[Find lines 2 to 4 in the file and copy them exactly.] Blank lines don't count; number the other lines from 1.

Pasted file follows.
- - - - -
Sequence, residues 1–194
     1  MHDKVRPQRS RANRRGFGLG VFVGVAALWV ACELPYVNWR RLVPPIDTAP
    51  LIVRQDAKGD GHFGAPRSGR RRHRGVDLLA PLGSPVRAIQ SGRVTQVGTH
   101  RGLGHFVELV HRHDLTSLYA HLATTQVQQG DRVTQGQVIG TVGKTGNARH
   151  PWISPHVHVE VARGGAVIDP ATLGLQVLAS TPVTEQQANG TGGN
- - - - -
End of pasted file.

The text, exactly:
     1  MHDKVRPQRS RANRRGFGLG VFVGVAALWV ACELPYVNWR RLVPPIDTAP
    51  LIVRQDAKGD GHFGAPRSGR RRHRGVDLLA PLGSPVRAIQ SGRVTQVGTH
   101  RGLGHFVELV HRHDLTSLYA HLATTQVQQG DRVTQGQVIG TVGKTGNARH